Classroom Noise and Learning (10-28-21)

Brill and Wang tie higher in-classroom noise levels to degraded ability to math test scores among students in grades 3, 5, 8, and 11.  They report that “Three metrics describing the classroom acoustics, including the average daily A-weighted equivalent level for non-speech, the average daily difference between the A-weighted equivalent levels for speech and non-speech (a signal to noise ratio), and the mid-frequency averaged reverberation time, were analyzed against classroom-aggregated standardized reading and math achievement test scores, while controlling for classroom demographics including socioeconomic status. . . . A statistically significant relationship was found between the average daily non-speech levels in classrooms and math test scores; higher daily non-speech levels were correlated with lower math test scores. . . . No statistically significant main effects of acoustic metrics were found on reading achievement. . . .  Children learn in occupied classrooms, and the findings from this investigation based on data from occupied conditions suggest that designing for lower unoccupied sound levels can lead to occupied environments that are conducive to better student learning outcomes.”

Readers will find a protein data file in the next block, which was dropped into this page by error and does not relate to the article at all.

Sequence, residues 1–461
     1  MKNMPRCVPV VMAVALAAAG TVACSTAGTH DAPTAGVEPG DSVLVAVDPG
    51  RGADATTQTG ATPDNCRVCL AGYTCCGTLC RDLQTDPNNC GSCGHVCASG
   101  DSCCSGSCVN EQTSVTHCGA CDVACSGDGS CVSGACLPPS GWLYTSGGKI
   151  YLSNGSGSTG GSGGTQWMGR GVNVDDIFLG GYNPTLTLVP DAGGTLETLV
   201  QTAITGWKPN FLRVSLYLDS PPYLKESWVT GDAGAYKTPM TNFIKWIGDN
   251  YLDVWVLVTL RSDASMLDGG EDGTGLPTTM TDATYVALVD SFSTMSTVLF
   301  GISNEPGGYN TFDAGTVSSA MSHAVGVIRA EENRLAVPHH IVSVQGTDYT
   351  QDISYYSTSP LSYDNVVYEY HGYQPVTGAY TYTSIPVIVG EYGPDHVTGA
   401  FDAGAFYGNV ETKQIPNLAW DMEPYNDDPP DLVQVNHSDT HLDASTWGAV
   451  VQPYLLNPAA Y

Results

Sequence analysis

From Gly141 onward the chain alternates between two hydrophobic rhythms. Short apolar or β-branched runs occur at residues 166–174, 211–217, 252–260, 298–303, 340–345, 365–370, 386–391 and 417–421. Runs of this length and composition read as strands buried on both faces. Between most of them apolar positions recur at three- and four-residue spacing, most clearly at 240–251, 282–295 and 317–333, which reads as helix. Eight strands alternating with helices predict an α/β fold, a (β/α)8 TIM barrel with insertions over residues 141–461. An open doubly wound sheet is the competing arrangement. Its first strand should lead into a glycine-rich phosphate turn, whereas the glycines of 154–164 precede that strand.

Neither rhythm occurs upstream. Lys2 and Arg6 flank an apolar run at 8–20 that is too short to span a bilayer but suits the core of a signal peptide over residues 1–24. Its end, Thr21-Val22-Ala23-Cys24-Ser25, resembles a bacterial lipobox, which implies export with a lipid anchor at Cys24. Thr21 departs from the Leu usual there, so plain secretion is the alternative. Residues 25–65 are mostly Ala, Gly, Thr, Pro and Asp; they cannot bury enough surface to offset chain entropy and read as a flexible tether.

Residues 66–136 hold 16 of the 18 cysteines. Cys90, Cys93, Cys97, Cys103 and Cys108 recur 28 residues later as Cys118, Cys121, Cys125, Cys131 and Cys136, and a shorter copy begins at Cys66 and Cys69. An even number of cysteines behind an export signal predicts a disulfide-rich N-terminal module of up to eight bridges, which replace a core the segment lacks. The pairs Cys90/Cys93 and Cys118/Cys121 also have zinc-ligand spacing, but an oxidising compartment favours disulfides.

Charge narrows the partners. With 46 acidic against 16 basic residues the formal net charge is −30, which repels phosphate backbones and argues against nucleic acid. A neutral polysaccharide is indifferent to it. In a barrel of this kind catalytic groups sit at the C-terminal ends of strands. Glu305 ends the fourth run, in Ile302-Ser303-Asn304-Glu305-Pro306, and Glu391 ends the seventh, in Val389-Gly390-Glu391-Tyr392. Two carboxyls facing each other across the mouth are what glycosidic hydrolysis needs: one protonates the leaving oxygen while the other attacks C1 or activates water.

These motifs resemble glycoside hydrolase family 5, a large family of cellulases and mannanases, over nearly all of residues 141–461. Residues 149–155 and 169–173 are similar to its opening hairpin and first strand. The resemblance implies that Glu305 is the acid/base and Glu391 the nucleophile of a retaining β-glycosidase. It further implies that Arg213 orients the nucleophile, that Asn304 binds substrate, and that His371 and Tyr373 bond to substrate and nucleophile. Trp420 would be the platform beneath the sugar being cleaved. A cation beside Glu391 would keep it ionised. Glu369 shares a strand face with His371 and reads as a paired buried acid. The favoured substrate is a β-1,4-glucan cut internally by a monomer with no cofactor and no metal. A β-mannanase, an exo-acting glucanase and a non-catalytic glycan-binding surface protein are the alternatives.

Laura Brill and Lily Wang.  2021.   “Higher Sound Levels in K-12 Classrooms Correlate to Lower Math Achievement Scores.”  Frontiers in Built Environment, vol. 7, 688395,